self.io22=1
        else:
          GPIO.output(22, GPIO.LOW)
          self.io22=0
        return

    def gpio23(self):
        if self.io23==0:
          GPIO.output(23, GPIO.HIGH)
          self.io23=1
        else:
          GPIO.output(23, GPIO.LOW)
          self.io23=0
        return

    def gpio24(self):
        if self.io24==0:
          GPIO.output(24, GPIO.HIGH)
          self.io24=1
        else:
          GPIO.output(24, GPIO.LOW)
          self.io24=0
        return

    def gpio25(self):
        if self.io25==0:
          GPIO.output(25, GPIO.HIGH)
          self.io25=1
        else:
          GPIO.output(25, GPIO.LOW)
          self.io25=0
        return

    def reserved(self):
        return

root = Tk()
app = App(root)
root.mainloop()
share|improve this question

1 Answer 1

up vote 2 down vote accepted

Add master.bind(...) commands to the __init__ method:

def __init__(self, master):

    frame = Frame(master)
    frame.pack()
    master.bind('1', self.gpio25)
    master.bind('2', self.gpio24)
    master.bind('3', self.gpio23)
    ...

master.bind('1', self.gpio25) binds the keypress 1 event to the method call self.gpio25(event). You will need 7 more master.bind calls -- one for each key.

Next, modify the definition of the callback functions. You will need to add a second argument, event, to each of them. Change, for example,

def gpio25(self):

to

def gpio25(self, event = None):

Explanation:

When you use the bind method, you are binding an Event to a callback function (e.g. self.gpio25). Pressing a key is a KeyPress Event. Information about the event is sent to the callback in an Event object. Thus the callback function must take one argument. See Tkinter events and bindings for more information.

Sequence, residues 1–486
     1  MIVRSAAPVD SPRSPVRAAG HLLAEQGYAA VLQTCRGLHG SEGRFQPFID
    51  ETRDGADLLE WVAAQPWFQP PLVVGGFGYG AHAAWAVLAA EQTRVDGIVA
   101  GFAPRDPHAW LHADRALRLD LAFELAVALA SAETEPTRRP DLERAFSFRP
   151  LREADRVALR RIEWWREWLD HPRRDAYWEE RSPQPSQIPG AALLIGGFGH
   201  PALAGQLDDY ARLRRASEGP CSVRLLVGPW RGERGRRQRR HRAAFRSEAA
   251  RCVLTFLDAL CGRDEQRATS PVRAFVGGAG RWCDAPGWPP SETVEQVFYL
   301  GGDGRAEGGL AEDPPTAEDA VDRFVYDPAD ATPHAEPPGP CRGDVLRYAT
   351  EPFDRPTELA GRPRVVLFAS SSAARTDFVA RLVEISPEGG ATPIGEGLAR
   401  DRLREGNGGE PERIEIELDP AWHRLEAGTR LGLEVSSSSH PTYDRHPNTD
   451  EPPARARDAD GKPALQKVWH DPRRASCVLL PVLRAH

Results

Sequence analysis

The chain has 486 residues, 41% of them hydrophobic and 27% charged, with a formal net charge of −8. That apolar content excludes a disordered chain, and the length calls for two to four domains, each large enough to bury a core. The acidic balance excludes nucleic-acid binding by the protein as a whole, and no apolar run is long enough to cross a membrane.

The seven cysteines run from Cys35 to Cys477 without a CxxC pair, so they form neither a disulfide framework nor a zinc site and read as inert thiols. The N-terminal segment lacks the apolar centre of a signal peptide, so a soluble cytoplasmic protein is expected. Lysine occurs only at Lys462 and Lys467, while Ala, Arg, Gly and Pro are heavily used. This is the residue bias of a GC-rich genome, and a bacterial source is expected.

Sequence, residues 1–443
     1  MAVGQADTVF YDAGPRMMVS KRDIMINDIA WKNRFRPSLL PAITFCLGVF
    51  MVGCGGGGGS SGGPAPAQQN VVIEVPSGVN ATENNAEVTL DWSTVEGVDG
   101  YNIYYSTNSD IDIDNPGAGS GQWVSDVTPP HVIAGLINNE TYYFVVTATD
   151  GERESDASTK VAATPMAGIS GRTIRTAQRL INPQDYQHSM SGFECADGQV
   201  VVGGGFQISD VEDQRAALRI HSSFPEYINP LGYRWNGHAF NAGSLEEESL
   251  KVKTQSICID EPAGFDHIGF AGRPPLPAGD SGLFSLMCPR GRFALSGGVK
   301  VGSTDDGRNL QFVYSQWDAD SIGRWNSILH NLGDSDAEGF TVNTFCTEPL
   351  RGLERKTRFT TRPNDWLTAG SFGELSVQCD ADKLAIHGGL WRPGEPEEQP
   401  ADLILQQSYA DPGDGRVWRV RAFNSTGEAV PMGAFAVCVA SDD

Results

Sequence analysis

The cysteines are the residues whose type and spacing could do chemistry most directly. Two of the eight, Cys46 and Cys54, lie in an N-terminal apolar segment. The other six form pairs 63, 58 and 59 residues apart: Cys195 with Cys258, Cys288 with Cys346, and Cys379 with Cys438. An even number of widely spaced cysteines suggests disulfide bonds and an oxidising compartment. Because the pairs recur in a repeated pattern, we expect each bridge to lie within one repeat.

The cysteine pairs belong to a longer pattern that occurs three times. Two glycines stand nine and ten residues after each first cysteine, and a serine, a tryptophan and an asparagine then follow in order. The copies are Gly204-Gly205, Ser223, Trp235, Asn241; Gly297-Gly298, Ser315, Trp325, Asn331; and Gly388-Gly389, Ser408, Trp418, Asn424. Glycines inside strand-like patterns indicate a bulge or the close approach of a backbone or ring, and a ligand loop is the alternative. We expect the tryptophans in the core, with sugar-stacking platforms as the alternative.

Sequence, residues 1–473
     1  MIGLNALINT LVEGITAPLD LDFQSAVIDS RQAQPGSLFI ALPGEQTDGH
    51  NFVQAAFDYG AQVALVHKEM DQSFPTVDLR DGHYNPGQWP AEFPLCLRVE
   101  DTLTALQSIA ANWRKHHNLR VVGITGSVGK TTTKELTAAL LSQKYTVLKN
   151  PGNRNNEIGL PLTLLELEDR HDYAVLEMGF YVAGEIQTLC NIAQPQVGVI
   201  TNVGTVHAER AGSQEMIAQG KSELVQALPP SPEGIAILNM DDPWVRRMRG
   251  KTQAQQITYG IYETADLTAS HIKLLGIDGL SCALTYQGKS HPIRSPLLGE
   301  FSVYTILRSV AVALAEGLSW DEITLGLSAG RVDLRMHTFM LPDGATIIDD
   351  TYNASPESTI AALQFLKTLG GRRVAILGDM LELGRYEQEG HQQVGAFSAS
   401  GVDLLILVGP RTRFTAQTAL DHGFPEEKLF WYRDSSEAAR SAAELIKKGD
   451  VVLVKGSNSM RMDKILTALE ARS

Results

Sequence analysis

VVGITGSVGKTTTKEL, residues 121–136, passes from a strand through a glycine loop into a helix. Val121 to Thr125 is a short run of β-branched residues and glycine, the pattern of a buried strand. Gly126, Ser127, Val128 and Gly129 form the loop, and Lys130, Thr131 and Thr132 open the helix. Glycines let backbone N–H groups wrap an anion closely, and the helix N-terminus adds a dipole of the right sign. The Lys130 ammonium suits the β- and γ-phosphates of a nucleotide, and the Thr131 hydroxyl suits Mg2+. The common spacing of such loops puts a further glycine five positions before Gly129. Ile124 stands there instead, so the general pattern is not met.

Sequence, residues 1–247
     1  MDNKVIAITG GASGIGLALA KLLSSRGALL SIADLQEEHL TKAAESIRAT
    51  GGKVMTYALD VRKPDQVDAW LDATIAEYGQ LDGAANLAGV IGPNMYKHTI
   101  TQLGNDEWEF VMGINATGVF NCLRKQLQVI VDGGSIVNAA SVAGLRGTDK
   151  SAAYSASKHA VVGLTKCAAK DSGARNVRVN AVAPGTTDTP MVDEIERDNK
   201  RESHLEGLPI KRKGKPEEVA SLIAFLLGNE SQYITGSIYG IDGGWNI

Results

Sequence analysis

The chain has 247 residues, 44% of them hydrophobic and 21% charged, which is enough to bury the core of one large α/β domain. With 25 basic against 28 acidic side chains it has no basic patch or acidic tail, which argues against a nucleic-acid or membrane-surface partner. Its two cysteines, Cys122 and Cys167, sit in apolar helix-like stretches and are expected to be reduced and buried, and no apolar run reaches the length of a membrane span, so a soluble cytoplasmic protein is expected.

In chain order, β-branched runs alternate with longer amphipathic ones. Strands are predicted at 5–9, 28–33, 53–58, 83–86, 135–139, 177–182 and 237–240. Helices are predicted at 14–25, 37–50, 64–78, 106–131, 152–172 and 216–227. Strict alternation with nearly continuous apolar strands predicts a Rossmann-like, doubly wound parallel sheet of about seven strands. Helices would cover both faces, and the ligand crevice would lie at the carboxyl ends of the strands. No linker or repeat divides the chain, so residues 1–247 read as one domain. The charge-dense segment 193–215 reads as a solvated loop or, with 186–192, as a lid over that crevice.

Buttons work differently. Their callback functions are called with zero arguments.

Since we are using the same callback function, self.gpio25, as both a Keypress event callback and as a Button callback, it must be a function that can take zero or one argument.

In Python, the way to do that is to define gpio25 with a call signature like:

def gpio25(self, event = None):

self is an instance of the class App. self.gpio25 is a bound method with self bound as its first argument. So calling self.gpio25() will call the gpio25 function with self as the first argument (and the local variable event will be assigned the value None). Calling self.gpio25(foo) will call gpio25 with self as the first argument, and foo as the second argument (and the local variable event will be assigned the value foo).

In your case, the value assigned to event does not really matter, since event is not used in the body of gpio25. We just needed to set up self.gpio25 to be ready to accept zero or one argument.

share|improve this answer
    
Awesome, i'll try it in a bit and see who it goes :) –  user985867 Dec 8 '12 at 5:41
    
Can you explain the "event = none" part? –  user985867 Dec 8 '12 at 6:08
    
+1 great explanation –  Jonas Wielicki Dec 8 '12 at 13:47